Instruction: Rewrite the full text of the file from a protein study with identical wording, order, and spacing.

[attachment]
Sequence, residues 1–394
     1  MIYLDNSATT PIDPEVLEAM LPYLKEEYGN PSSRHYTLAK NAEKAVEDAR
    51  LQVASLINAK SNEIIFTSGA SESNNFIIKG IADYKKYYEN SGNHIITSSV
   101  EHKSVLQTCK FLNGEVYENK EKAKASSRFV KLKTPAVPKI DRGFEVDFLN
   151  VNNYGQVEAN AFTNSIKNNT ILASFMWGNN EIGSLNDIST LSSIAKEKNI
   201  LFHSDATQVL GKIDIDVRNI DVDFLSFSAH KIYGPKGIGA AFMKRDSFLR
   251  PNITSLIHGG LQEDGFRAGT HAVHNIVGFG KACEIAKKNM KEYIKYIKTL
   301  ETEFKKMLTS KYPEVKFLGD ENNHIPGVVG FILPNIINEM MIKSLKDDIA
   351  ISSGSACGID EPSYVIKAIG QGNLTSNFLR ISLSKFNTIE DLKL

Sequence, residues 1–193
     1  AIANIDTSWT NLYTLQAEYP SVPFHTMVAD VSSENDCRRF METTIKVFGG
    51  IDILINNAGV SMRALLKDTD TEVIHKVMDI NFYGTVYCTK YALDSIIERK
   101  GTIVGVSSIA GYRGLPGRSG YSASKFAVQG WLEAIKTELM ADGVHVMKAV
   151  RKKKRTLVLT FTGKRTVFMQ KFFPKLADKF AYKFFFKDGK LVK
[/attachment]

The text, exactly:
Sequence, residues 1–394
     1  MIYLDNSATT PIDPEVLEAM LPYLKEEYGN PSSRHYTLAK NAEKAVEDAR
    51  LQVASLINAK SNEIIFTSGA SESNNFIIKG IADYKKYYEN SGNHIITSSV
   101  EHKSVLQTCK FLNGEVYENK EKAKASSRFV KLKTPAVPKI DRGFEVDFLN
   151  VNNYGQVEAN AFTNSIKNNT ILASFMWGNN EIGSLNDIST LSSIAKEKNI
   201  LFHSDATQVL GKIDIDVRNI DVDFLSFSAH KIYGPKGIGA AFMKRDSFLR
   251  PNITSLIHGG LQEDGFRAGT HAVHNIVGFG KACEIAKKNM KEYIKYIKTL
   301  ETEFKKMLTS KYPEVKFLGD ENNHIPGVVG FILPNIINEM MIKSLKDDIA
   351  ISSGSACGID EPSYVIKAIG QGNLTSNFLR ISLSKFNTIE DLKL

Sequence, residues 1–193
     1  AIANIDTSWT NLYTLQAEYP SVPFHTMVAD VSSENDCRRF METTIKVFGG
    51  IDILINNAGV SMRALLKDTD TEVIHKVMDI NFYGTVYCTK YALDSIIERK
   101  GTIVGVSSIA GYRGLPGRSG YSASKFAVQG WLEAIKTELM ADGVHVMKAV
   151  RKKKRTLVLT FTGKRTVFMQ KFFPKLADKF AYKFFFKDGK LVK